Rooms In Flux is not strictly a performance or real life; rather it sits between these thresholds. The routine of repetitive chores and trivial conversations are strangely addictive, the banality of daily living is mesmerizing and voyeuristic. Rooms in Flux absorbs the psychology of domesticity to its full capacity.
The ethos of Rooms In Flux chimes a similar sentiment to French Surrealistic playwright Atonin Artaud’s thoughts on theatre and daily life. He believed theatre and life have become vacant needing to reconnect with instinct and truth. In this scenario, there is no stage; there is no line to separate the performance of drama and the drama of daily life. Inseparable they remain. An experience, which cannot be fully contained, both alienated and familiar of these domestic scenarios, we recognise the routine and pitfalls of domestic living- a glimpse of what we know too well.
25 STRATFORD GROVE is a large terrace house with a garden in Heaton, Newcastle where artists can make work, think about work, reflect on work and show their work.
Sound of Place
By examining the installation of performance, we can discover new meaning within constructed space. Ultimately, we question whether the performance space is showing a ‘product’. This ‘product’ is determined by the role of the audience or displacement (or indeed placement) of the performed action.
Robert Irwin states questions the ‘site’s relation to applied and implied schemes of organisation and systems of order, relation, architecture, uses, distances, senses of scale?’. I believe he is ultimately questioning how the performer and his/her actions are affected by their surroundings. Therefore, surely this includes heavily questioning the role of an ‘audience’ in performance.
Having attended Sound of Place (27th Nov 2010, Newbridge Studios, Newcastle) I was able to formulate a rough opinion on such matters It was interesting to see the artist’s reaction to the allocated space: adaption of performance. Sound of Place heavily challenged Western performance aesthetics through the binary created between performer and audience and, of course, sound and place. In terms of the layout of the event which included eight performance spaces and twenty-five listening spaces that challenged the architectural established balance of the Western concert hall. The event highly reminded me of an art exhibition. Thus the musical performances are still ‘products’ to be viewed. However, their constructed space and stage does challenge their relationship due to the current environment. Such ‘listening spaces’ created a mixture of blurring musical specimens that encouraged the natural feeling of an overcrowded world around us. Therefore, it is a constant dilution of the concentrated Western classical stage. Somehow this manages to recreate a deeper resemblance to stage life rather than staged performance. This is perhaps due to the use of improvisation and the lack of organised structure. Generally, the Symbolic order of Western musical language and its stage is challenged. Therefore, Sound of Place gives us the ability to hear a sound and follow it rather than have it pressed or forced upon us.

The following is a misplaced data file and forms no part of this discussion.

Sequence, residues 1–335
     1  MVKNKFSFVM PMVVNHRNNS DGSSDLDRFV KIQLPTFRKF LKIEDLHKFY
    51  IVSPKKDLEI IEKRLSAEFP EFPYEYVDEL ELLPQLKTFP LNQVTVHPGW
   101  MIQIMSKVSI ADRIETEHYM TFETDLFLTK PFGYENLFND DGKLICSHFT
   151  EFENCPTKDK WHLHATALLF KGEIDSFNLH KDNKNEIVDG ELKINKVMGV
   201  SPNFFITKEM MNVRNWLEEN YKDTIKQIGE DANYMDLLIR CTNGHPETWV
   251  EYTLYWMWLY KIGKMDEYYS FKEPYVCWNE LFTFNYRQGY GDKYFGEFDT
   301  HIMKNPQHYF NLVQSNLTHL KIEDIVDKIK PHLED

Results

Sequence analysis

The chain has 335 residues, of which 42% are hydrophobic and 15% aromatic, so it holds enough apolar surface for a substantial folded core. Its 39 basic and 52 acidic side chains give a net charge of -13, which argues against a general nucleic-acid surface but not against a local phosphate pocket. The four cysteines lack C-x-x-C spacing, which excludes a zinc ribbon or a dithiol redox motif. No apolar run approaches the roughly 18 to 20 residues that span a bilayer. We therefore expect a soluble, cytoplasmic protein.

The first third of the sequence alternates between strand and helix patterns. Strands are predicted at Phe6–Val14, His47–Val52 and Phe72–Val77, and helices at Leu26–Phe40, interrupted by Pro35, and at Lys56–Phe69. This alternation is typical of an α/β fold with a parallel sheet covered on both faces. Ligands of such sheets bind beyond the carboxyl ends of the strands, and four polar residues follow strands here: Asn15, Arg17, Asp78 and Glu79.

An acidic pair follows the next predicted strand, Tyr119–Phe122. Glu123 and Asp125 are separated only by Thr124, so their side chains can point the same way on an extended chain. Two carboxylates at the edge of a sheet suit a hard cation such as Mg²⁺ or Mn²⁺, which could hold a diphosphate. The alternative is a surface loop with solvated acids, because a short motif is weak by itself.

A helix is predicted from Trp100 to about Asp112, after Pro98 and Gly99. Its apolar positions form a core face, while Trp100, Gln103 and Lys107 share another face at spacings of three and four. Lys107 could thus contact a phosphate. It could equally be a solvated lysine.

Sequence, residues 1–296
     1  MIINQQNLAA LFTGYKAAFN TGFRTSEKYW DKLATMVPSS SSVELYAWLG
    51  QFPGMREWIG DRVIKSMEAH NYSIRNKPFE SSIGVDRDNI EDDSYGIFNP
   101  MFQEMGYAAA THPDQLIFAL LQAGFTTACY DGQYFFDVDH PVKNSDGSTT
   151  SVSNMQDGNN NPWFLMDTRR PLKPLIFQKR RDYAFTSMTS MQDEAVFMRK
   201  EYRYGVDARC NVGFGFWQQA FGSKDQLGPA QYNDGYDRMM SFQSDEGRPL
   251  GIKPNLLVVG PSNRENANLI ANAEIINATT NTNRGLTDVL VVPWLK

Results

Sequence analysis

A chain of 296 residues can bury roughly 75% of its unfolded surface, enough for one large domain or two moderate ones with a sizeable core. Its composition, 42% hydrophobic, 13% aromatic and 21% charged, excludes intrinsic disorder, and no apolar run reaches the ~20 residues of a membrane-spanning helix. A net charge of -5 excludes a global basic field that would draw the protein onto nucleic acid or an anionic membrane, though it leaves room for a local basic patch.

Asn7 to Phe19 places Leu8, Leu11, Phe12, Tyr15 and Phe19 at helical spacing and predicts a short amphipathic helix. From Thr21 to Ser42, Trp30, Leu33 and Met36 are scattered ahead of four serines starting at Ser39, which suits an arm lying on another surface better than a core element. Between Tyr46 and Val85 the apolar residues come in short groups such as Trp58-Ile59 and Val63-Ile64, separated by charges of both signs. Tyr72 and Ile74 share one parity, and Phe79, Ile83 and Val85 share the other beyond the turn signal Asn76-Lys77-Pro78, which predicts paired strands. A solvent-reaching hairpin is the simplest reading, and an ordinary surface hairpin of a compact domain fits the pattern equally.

In order to support the above statements I propose some performance examples from the exhibition. The ‘barrier space’ raised such questions as previously asked: essentially, does the barrier between audience and performer enforce decontextualisation? In order to decipher an answer, we need to engage with our feelings as on-lookers. Perhaps, due to the expected tradition in Western classical performances, we feel disengaged from the performer. Additionally, the performer had his back turned on the audience which only accentuates the barrier and lack of audience awareness. Therefore, a certain distance is created by such barriers. Why is distance important in performance? Is it for fear of disturbance? Theoretically, this distance creates the stage.
Secondly, the ‘shop window space’ relates to previous theories on product placement in performance. I greatly understestimated the importance of audience connection in performance. In this case, the general public wander by. The shop window itself commercialises the product. The product therefore does not have any meaning unless contextualised in a communal space/experience. Generally, we all own performance despite social and technical boundaries/barriers. Of course, it is the connection with another that makes a performance.